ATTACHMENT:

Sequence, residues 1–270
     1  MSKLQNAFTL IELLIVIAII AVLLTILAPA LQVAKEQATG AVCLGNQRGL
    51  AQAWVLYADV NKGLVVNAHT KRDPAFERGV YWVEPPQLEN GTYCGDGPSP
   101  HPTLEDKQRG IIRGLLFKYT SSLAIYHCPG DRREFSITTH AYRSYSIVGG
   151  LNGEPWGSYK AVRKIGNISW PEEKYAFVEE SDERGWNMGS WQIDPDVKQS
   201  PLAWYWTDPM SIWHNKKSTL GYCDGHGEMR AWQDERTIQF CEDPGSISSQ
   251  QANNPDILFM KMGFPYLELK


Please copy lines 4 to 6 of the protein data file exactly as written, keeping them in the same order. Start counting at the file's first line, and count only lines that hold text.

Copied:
   101  HPTLEDKQRG IIRGLLFKYT SSLAIYHCPG DRREFSITTH AYRSYSIVGG
   151  LNGEPWGSYK AVRKIGNISW PEEKYAFVEE SDERGWNMGS WQIDPDVKQS
   201  PLAWYWTDPM SIWHNKKSTL GYCDGHGEMR AWQDERTIQF CEDPGSISSQ